Research from uSwitch.com finds that almost three quarters are now aware of what 4G is, but 38 per cent think it is too expensive for them
More consumers are adopting 4G but the number of people worried about the cost of the service is rising.
This is according to new research from independent price comparison and switching service uSwitch.com, which was conducted online amongst 1,415 smartphone users last month.
When the site conducted research among 2,000 people last September, less than half (47 per cent) knew what 4G was prior to its launch by EE in October, but that has now risen to 72 per cent.
However, while awareness of the technology is increasing, more people are worried about the financial impact it will have on them.
In the latest research, 38 per cent said they think 4G would be too expensive for them, up from 31 per cent in October. More than two thirds said they were ‘very or quite concerned’ as to how 4G might affect their data bills, up from 62 per cent in the previous research.
More than half said they would like 4G, as opposed to less than half in October. When asked is they would be willing to switch to 4GEE as soon as possible, 16.3 per cent siad they would as opposed to 14 per cent in October.
Just under half said they would consider getting a 4G handset, up from 3.1 per cent, while those questioned said the average amount they would be willing to pay for 4G was £4.99, up from £3.35. However, just 15.8 per cent said they believed that 4G speeds will live up to the hype when its finally rolled out, down from 32 per cent in October.
uSwitch telecoms expert Ernest Doku said: “Six months on from the launch of 4G, EE’s honeymoon is almost over. Its head start could disappear once competitors are out of the starting blocks. Fortunately for EE, it has continued to iterate and improve its offering. In fact, even though other networks will soon be entering the race, more customers now seem to be prepared to switch to EE to get superfast mobile internet.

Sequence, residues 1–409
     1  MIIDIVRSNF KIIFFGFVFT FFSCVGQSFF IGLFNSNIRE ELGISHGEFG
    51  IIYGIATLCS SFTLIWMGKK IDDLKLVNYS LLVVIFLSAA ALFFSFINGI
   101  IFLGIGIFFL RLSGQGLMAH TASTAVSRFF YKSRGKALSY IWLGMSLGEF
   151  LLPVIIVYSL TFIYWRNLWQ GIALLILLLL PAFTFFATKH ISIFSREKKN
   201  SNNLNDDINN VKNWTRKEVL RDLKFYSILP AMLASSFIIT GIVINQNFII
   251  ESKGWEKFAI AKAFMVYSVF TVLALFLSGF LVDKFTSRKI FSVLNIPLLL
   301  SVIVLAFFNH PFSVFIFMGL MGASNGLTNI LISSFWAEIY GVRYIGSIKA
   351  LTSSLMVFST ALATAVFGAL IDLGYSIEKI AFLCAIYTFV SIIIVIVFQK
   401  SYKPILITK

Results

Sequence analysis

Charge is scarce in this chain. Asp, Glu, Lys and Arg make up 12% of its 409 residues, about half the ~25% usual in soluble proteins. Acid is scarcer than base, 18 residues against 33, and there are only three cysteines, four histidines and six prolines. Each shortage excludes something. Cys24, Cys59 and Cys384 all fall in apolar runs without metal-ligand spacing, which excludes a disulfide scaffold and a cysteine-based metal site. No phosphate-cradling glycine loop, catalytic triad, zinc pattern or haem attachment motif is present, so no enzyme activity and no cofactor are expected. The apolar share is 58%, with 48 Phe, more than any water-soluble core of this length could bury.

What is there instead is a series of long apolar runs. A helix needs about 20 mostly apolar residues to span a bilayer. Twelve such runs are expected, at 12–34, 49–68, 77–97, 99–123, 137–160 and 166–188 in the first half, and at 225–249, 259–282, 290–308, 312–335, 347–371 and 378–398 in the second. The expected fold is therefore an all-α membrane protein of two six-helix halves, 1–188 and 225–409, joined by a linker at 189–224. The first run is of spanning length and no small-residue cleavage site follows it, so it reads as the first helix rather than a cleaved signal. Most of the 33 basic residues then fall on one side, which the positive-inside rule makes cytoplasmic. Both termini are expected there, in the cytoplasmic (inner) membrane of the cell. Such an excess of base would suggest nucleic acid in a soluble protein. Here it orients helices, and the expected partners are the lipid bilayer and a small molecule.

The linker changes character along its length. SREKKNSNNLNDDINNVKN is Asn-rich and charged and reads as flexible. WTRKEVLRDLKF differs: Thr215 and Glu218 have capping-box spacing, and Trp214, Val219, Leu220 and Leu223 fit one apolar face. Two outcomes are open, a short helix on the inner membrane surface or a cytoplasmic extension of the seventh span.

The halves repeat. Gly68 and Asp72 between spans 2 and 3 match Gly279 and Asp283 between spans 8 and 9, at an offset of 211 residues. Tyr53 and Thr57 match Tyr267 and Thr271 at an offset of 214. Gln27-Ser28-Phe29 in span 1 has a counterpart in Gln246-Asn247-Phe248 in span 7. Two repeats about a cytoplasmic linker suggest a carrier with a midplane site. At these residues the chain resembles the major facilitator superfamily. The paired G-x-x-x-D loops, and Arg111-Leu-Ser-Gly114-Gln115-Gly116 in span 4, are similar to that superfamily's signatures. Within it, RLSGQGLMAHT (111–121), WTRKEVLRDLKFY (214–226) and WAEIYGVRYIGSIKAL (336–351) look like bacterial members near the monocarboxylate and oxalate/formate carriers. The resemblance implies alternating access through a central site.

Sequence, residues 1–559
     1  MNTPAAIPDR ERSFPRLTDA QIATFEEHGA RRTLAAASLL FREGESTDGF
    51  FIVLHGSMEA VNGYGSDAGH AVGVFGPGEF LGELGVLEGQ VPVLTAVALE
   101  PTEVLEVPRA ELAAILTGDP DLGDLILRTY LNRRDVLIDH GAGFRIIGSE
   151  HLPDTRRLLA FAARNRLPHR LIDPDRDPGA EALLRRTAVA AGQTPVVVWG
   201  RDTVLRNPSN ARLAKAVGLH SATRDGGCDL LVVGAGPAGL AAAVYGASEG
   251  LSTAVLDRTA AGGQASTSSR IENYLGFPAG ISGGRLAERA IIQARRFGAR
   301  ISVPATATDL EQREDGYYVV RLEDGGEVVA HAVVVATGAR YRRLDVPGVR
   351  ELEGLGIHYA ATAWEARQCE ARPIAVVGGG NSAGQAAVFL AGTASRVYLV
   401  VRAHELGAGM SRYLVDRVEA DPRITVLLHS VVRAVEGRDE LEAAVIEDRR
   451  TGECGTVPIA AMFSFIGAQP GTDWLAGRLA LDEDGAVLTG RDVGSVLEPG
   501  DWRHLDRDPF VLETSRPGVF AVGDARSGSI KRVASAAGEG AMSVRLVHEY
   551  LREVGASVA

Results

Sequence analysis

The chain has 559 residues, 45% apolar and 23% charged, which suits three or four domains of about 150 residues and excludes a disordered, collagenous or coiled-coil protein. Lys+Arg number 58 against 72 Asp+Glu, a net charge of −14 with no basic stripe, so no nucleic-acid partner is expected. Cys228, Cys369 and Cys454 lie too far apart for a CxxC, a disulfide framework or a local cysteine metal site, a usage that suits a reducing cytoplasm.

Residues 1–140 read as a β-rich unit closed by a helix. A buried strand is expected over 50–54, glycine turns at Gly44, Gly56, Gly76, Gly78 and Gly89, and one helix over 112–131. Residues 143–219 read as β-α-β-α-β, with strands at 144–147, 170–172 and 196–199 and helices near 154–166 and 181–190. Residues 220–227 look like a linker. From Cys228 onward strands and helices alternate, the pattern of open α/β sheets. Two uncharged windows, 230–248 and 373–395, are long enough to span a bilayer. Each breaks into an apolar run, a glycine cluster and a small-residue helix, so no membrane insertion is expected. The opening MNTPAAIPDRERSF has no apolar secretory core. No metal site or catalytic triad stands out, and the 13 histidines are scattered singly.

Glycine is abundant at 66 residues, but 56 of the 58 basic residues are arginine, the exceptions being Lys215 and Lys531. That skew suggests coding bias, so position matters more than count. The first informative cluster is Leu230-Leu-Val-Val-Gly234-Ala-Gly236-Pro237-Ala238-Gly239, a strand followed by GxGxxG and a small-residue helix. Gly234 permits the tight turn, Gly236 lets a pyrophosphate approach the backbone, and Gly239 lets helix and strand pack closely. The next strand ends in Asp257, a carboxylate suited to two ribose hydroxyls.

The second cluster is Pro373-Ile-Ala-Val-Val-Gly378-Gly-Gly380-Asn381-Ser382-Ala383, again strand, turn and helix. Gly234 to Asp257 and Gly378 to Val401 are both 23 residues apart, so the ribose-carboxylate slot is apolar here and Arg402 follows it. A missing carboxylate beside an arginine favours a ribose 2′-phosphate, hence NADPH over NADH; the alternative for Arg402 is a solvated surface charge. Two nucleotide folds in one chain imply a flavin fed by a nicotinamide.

“But as the competition heats up, EE will certainly have to raise its game. It will be interesting to see how other providers attempt to differentiate, demonstrate value and quell consumer fears about burning through their data allowances. Or will 4G spell the death of the unlimited data plans? Although the tariffs on offer from EE have undergone a number of nips and tucks in pricing and provision of data, people today are even more worried about the bills they could rack up while surfing on 4G.
“Pricing is highly likely to become the new battleground for 4G, especially in light of Three’s ‘no premium for superfast’ pledge. We hope that more networks offering 4G will lead to real competition on numerous fronts including cost, data, handsets and coverage – so that consumers can enjoy the next generation of mobile internet without the sky-high price tag they fear.”